Also, I've always rather liked the lyrics to "The Rainbow Connection". I know they're a bit syrupy, and certainly that angle has been played up over the years, but I also think the song talks about keeping your hope alive in the face of disappointment. Or at least that's what it says to me. Either way, enjoy and have a lovely weekend :)

Thursday, October 22, 2009

Are hamburgers Kapha, Pitta or Vata?

You may have realised by now that I am a fairly introspective person. And by 'fairly' I mean 'very' :) But of late, I have been even more introspective than usual, just thinking about things. How things in life work, how I go about doing things. And as such, my reading list is wide and a little deep, as you can see from my book stack above.

What has prompted this is really one idea: I could be doing things a little better. I could feel a little better health-wise. I could approach what comes up in life's great cycle a little more calmly. There's room for improvement.

Health-wise, I have been dogged over the last couple of months by chronic sinusitis and a very delicate stomach, prone at the slightest provocation to upsets. But I keep going. Sniff my nasal spray, keep eating the same stuff I've been eating since I grew teeth. And the complaints are still there. Huh. Funny that. Maybe time to re-assess!

So, I've been reading about the Ayurvedic principle of well-being, with special reference to food. Don't ask me to explain it all to you just yet, but what I can tell you is that I am a Pitta-Vata type. Do you know anything about it? I'd love to discuss it with someone. But having said all that, I'm not going to get crazy about it. I'm still going to eat chocolate. Maybe even the odd hamburger if the mood strikes me. But I am going to try and put some of the principles in place - for now, I'm going to try the ideas that work for me, and see how I go. For some it might sound like half-measures, but I've found that the best approach for me is to take things one step at a time, not come over too ascetic or I'll give up. So tonight, I'm going to put together my own version of a Pitta-Vata dish. Rice, sweet potato, carrot, cumin and fennel seeds.

And I'll keep you posted on my journey of 1000 steps.

Wednesday, October 21, 2009

'Tis the season...

How did that happen? It seems only a month or two ago that Christmas was here and now here it almost is again. "Only 9 shopping weeks to go!" the advertisements on the radio told me this morning. But I am having a bit more fun with it this year, now that I have got in touch with my crafty side (or, at least, I now have a map which has my crafty side clearly marked on it...!)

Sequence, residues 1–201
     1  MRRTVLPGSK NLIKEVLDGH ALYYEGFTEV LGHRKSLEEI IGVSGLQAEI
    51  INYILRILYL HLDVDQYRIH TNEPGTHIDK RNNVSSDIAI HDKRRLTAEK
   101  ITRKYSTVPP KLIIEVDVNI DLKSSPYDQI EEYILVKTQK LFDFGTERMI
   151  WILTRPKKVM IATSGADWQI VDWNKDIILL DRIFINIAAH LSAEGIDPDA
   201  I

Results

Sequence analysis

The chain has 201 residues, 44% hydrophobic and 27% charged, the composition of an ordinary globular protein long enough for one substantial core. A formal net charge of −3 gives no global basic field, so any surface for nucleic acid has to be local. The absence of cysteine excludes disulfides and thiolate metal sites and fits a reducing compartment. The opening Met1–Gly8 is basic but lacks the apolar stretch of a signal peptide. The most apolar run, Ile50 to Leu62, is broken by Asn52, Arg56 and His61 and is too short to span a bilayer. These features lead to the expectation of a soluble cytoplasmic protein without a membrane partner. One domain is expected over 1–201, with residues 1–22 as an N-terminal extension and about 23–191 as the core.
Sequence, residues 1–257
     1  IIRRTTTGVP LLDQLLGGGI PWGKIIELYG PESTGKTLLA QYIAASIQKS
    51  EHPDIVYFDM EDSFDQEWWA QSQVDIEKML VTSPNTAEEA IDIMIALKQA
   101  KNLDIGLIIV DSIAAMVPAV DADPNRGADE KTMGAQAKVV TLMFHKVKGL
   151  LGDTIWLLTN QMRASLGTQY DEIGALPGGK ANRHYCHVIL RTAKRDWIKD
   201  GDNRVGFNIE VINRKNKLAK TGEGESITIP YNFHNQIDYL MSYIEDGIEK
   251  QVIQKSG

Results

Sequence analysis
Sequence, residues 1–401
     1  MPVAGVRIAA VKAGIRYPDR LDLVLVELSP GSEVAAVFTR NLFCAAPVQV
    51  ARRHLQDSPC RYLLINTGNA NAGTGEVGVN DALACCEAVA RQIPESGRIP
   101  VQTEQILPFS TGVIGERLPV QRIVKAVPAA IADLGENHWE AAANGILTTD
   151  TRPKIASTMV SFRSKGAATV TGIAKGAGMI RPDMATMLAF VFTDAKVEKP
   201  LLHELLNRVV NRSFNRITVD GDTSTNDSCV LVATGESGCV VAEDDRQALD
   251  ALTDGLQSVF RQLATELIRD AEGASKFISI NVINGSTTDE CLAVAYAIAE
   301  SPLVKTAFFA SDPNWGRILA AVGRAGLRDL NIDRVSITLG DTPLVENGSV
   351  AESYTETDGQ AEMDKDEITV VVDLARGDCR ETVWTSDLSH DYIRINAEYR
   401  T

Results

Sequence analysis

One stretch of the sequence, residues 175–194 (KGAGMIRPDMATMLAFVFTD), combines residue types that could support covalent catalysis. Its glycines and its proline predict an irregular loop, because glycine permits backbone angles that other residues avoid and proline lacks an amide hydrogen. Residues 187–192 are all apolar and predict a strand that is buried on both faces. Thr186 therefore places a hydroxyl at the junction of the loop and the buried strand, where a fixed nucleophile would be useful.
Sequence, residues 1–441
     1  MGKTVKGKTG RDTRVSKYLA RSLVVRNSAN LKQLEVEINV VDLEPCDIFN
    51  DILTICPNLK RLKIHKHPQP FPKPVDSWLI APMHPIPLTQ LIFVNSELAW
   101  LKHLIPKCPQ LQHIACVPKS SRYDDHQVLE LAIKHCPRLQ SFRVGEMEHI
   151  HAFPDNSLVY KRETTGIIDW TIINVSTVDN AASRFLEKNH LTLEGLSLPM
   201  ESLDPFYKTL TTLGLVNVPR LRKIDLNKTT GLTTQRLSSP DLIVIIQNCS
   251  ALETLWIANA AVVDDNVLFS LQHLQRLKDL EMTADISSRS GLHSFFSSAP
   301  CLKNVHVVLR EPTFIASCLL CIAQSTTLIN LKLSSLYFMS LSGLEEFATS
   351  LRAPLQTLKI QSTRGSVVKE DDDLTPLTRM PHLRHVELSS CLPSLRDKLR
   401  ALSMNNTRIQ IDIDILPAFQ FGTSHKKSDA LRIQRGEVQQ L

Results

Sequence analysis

So, this week I have started to make Christmas cards. I have come up with these fairly simple, classic designs so far - 'Pax' and 'Peace' - but I am planning to put some others together before the week is out. If you like them, I'm open to taking orders. We can talk via the comments page, or we can swap email addresses and I'll be in touch.

Tuesday, October 20, 2009

Coming up like a flower

Summer is on its way...our first truly warm day today and the signs of summer are starting to appear. I must admit I brace myself a little. An Australian summer can be a challenging thing! But I am also trying to remind myself that there is still more of spring to come, and that summer has its own rewards...nature's buzz of expectation and activity on a summer's morning...long, cool nights eating dinner in the backyard...

Monday, October 19, 2009

Down by the sea

My Fellow Traveller and I enjoyed a beautiful change of scenery yesterday, down by the sea. About an hour south of where we live, there's a lovely back beach perfect for walking, beachcombing and just sitting and listening to the eternal roar of the ocean. We had a delicious parcel of fish and chips for lunch too, but some of the locals got wind of it and decided they'd just wait on the bonnet of our car until we decided to share...

Friday, October 16, 2009


Of late, I have taken to watching the birds which land in our garden. There are pidgeons, parrots, magpies, sparrows, mynas, wattlejacks and ravens, all mingling in the grass and staking out their spot either on the ground (if there's food to be had) or in the nearby trees. There are turf wars, of course. The wattlejacks tend to move in swiftly and aggressively, taking what food they like the look of and moving off again. The mynas, all in a line, watch the action from the side fence and then move in for their bit of bread/oatmeal/birdseed. The pidgeons quietly plot their course, weaving in and out amongst the other birds, circling the perimeter, avoiding the fights. The parrots sit in the soon-to-be-flowering gum tree, chirping out a commentary and delighting in the knowledge that they have the brightest plummage around. The ravens and the magpies? They do just as they please. No one challenges them. I know I shouldn't put human food out for them, but I figure at least I am not throwing the food out - something is eating it - and at least too these urban birds aren't getting their fill out of the bins at the nearby hamburger place. Of course, when I ventured out to photograph my feathered friends for you, there was a mass evacuation and I managed to snap only a lone, hungry magpie who similarly took flight to a nearby tree once he'd finished off his morning snack.